Modern slavery thrives as reauthorization languishes

Published 7:18 pm Tuesday, July 3, 2018

Slavery is very much alive and well in the United States.

Though it was abolished more than 150 years ago, if a profit can be made off of the exploitation of others there is usually a willing profiteer ready and able to take up the mantle.

And what a great tragedy modern slavery and human trafficking is. Through means of manipulation, assault and abuse and threats, traffickers force their victims into performing commercial sex acts — the majority being women and children. Through those same means, traffickers put other people to work in restaurants, hotels and the fields and with blood, sweat and fear these victims toil for nothing in return.

As North Carolina ranks No. 8 in the nation for cases of human trafficking, locally there appears to be news report after news report about a human trafficking charge or sentencing in the eastern part of the state.

Modern slavery close to home looks like an arrest that was made in May by the Greenville Police Department in which a woman was charged with the trafficking of a child.

In June, a man was sentenced to 40 years in prison for forcing a young girl to perform commercial sex acts at migrant worker camps in Wilson County.

When we see these cases in our neighborhoods or right in our backyards, we as a community are left bereft and befuddled as to what to do about it.

Of course, stiffer penalties for traffickers are an obvious deterrent. Collaboration with federal, state and local agencies to raise awareness about human trafficking — that would, of course, come along with funding — would definitely be a preventative measure as well.

And though ratcheted up federal sentences for traffickers and easing the burden for successful prosecution of traffickers are certainly necessities, there will still be victims to rescue and treat.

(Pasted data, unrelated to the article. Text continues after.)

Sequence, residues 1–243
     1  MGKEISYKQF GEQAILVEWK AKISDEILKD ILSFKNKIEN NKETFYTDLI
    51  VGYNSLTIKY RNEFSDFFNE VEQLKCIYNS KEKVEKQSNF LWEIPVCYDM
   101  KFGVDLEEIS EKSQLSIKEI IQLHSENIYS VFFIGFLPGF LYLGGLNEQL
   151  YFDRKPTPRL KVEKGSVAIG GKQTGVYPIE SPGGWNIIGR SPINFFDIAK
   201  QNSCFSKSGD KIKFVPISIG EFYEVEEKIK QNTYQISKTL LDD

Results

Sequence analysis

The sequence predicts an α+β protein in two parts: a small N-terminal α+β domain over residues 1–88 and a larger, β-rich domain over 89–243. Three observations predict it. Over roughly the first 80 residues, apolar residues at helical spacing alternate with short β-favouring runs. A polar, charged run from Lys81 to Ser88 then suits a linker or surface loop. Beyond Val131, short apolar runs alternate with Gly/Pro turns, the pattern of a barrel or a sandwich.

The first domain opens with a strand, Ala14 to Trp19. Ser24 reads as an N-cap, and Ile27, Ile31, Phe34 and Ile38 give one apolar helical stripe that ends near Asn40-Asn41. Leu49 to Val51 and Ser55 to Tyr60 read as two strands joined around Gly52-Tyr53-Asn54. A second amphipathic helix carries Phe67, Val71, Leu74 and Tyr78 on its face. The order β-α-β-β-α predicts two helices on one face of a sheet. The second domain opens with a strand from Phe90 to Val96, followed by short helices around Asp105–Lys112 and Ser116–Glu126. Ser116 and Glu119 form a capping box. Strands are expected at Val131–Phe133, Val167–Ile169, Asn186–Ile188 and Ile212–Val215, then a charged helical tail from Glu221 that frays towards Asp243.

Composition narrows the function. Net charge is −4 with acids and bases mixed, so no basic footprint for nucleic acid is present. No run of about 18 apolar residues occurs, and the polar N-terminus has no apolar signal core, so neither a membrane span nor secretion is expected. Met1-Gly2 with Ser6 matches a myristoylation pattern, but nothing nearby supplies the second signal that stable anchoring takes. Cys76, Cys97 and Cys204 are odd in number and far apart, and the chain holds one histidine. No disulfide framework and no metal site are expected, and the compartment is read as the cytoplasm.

Ways to help these people are to provide resources and funding to groups that ensure identified trafficking victims are rescued, treated and placed in recovery.

It would appear that I have a pretty solid framework of how to combat human trafficking, wouldn’t it?

In all actuality however, these provisions that I outlined are in the Trafficking Victims Protection Reauthorization Act of 2017.

Right now, this incredibly important piece of legislation is sitting in a Senate, where it has been since September of last year.

For nearly 20 years, the TVPA has garnered strong bipartisan support in both the Senate and the House.

As a matter of fact, when it first became law in 2000, it was the cornerstone of federal human trafficking legislation.

It may make it out of committee one day, and when it does the North Carolina delegation to Congress will be casting a vote on it.

Their vote will be a reflection of their districts’ standards, moral integrity and beliefs. It is incumbent upon us to raise our voices, pick up the phone, write an email or send a letter showing that we will not allow for such barbarism, greed and abuse in our nation, in our state and in our communities. It is our responsibility to direct our representatives to expeditiously reauthorize the TVPA.

Melinda Sampson is the community outreach coordinator for ENC Stop Human Trafficking Now. She can be reached by email at